Annual walk continues talk about peace

Trayvon Martin’s legacy turned 24 years old on February 5.


In commemoration of their son, brother, friend and neighbor, the Trayvon Martin Foundation held the Seventh Annual Peace Walk in Miami Gardens. The Peace Walk is an interactive activity for the community, in which youth, leaders and celebrities work together in truthful and informational dialogue about empowering young people.


Dozens of people walked for peace starting from the Gardens Promenade, 18200 NW 27 Ave., to Carol City Park, 3201 NW 185 St. for the Peace Talk. The talk included encouraging words from Omari Hardwick, Michael Eric Dyson and a performance by Santonio Carter.


At the Gardens Promenade, members of the South Florida community gathered in support for Trayvon Martin and others - who are primarily young, African-American and live in the nation's inner cities.


While the crowd grew, there was some entertainment from The Miami Gardens Super Soul Steppers, the drumline from Jo A. Harris' Alliance for Musical Arts and the Miami Gardens Carol City Senior High Marching Band as seen here in this Instagram story.

The Miami Gardens Super Soul Steppers do a little two step before the Peace Walk starts.

The Miami Carol City Senior High Marching Band perform a few songs before making their way to Carol City Park.

The area's School Board representative Steve Gallon III, Sybrina Fulton, Tracy Martin, Omari Hardwick and Jahvaris Martin led way the way immediately behind the Trayvon Martin Foundation's Peace Walk banner as they made their out of the Gardens Promenade and headed West on Miami Gardens Drive to Carol City Park.


Long before the group arrived, Fulton requested Carter, whose son King Carter was killed when he was 6 during a shootout, perform a version of the song “Glory” by John Legend and Common. Carter is working on a studio album which will be released under his stage name is Blaze Carter. On the stage at Carol City Park he performed Common's verses and added an original.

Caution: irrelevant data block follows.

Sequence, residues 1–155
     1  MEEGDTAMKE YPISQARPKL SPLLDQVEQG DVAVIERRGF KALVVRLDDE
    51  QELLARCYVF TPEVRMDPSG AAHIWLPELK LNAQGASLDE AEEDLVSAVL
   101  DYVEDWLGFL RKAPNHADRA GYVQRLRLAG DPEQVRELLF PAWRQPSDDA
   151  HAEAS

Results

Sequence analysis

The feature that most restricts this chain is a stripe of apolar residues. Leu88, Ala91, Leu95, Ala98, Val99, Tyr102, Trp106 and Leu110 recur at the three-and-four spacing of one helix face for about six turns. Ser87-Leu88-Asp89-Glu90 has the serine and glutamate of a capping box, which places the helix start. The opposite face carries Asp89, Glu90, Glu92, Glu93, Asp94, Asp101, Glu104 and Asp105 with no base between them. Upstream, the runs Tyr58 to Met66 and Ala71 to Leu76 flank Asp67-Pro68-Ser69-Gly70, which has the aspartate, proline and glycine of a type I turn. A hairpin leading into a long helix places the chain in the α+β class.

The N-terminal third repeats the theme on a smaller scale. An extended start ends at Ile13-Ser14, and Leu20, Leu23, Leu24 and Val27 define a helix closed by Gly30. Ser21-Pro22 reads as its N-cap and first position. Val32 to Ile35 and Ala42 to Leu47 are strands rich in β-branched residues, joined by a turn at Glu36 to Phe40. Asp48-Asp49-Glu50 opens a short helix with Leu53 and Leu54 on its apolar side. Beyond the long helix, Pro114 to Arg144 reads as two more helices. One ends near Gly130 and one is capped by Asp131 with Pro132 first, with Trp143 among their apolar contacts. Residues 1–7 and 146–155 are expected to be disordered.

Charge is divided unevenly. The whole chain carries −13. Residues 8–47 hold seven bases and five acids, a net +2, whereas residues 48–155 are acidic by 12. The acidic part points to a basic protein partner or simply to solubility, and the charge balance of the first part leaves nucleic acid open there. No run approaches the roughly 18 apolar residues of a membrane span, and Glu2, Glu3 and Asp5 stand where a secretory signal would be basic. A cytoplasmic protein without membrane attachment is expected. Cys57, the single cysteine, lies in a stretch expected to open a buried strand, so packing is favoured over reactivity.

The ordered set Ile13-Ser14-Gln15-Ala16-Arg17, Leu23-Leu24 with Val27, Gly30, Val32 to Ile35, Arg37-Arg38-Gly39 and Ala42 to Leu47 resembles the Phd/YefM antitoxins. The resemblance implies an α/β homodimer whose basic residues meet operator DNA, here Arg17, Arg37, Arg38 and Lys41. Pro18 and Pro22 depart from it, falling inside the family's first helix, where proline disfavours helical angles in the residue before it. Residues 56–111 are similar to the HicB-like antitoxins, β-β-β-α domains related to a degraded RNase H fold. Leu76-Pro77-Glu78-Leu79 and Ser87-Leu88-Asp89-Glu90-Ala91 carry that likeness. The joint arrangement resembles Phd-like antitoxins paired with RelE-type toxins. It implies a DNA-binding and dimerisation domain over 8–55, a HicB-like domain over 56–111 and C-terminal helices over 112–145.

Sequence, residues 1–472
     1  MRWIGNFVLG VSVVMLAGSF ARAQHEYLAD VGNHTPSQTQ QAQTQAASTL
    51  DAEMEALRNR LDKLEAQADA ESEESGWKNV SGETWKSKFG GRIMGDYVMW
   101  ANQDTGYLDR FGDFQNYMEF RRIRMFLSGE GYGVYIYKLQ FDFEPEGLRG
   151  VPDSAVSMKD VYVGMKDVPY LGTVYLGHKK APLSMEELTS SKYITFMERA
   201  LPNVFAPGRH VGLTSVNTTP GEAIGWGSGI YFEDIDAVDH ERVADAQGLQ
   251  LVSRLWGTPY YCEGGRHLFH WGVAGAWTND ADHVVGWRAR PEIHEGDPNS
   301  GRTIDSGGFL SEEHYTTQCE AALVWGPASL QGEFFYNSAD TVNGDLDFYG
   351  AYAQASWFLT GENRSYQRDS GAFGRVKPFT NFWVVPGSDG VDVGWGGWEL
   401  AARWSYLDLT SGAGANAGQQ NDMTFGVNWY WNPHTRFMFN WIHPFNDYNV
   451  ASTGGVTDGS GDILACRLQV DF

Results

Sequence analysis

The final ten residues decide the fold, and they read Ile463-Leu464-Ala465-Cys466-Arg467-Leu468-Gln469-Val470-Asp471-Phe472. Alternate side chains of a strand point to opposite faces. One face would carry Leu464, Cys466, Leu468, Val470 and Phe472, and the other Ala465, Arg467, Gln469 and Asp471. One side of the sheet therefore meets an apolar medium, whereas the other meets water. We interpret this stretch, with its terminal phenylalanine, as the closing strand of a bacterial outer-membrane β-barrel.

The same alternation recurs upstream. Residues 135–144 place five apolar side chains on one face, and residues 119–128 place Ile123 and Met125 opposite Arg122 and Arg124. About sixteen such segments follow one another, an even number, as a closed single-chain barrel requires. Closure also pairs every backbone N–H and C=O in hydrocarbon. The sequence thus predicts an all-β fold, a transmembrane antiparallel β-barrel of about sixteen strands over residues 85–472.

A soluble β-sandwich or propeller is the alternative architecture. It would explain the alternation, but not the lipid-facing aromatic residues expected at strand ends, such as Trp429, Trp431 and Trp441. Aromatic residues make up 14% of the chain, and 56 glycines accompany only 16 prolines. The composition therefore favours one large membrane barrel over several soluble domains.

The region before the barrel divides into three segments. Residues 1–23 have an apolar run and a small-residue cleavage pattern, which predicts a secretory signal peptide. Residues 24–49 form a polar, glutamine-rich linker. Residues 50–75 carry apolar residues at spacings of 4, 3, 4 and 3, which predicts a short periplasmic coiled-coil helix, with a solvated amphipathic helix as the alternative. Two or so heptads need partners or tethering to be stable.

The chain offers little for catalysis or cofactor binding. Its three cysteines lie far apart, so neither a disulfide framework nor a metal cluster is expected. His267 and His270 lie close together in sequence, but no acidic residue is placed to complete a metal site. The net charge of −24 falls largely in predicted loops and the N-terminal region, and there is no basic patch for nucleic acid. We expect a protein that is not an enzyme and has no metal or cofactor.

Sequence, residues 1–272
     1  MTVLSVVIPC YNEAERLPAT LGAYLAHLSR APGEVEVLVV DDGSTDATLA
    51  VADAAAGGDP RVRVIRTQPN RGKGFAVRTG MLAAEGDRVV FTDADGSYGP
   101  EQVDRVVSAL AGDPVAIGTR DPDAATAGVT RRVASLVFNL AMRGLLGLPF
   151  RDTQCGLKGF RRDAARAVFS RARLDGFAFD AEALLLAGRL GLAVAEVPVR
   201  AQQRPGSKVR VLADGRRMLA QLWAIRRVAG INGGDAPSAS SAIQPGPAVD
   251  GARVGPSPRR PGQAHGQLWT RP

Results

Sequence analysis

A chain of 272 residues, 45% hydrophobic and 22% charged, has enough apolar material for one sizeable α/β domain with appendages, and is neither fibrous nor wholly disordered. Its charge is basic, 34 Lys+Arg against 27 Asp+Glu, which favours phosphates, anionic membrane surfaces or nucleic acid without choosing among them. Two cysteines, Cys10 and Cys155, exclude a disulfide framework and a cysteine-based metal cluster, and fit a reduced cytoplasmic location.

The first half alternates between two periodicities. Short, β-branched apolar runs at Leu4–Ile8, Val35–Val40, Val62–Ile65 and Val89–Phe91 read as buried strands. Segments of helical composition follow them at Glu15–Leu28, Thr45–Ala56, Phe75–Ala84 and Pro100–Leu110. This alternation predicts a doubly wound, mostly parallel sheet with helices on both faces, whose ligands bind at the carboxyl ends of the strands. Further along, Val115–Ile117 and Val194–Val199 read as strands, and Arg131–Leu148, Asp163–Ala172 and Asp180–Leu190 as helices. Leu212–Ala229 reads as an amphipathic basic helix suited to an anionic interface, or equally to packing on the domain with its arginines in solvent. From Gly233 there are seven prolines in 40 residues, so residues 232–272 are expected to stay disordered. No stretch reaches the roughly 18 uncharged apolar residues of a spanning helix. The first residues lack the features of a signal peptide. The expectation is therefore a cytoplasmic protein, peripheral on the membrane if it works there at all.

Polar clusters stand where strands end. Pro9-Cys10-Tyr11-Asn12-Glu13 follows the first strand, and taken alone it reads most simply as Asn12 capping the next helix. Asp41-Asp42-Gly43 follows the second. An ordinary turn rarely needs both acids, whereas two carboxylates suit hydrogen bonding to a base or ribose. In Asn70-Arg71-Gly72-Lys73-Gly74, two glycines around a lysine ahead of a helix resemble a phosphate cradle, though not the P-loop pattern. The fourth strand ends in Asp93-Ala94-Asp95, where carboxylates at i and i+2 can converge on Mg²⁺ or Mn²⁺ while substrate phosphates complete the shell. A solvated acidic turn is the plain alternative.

“This is for the people who struggled to make it better. This is for the people who died trying to bring us together,” is one bar from Carter’s verse. (A bar is two lines of a Hip-Hop song, while a stanza is one line in a poem.)


Carter said the Peace Walk is needed for the community as a way of bringing out members and showing the life of loved ones lost are still going on. It’s an event that gets community members to work with people in the city, he said.


“Not just politicians, pastors or police because a lot of people can’t relate to them, but influential people in the community,” Carter said. “That’s a big plus to see them back in the community. People have to know they have people who will be their voice.”


He encouraged others to be a part of the cause to end gun violence.


“A lot of people are numb to the fact gun violence is a club no one asked to join. I encourage everybody to get out and join the effort.”


Michael Eric Dyson is a professor, author, preacher and radio host who often speaks of racial injustice. His message during the Peace Talk was about the narrative of African-Americans.


“Whether it’s from the media or statisticians, people try to create a narrative with numbers. Do not allow the numbers to shape our narrative, it happens with other races but it’s just not being reported.”


Shevrin Jones, Florida House Representative for district 101, said the Peace Walk & Talk was a great show of unity for the people in the surrounding community.


“It was a great example of turning hurt into healing,” Jones said.


For the idea of youth empowerment, Jones said more adults need to accept responsibility to be role models to young people.


“A lot of our households are single-parent. Therefore to help a child, each of us, we all, have to step up. we can’t keep speaking about an unbalanced society if we’re not going to step up and help balance it.”

Jones also said about support for events like the Peace Walk & Talk encourages those who advocate for social change.


“As much as we think the message is getting lost in the madness, it’s not. People on the forefront who are fighting for justice, they hear us and they see us.”


District 1 School Board Member Dr. Steve Gallon III (first from left), Sybrina Fulton (third from left), Omari Hardwick and Jahvaris Hardwick put their fists in the air while marching for peace.

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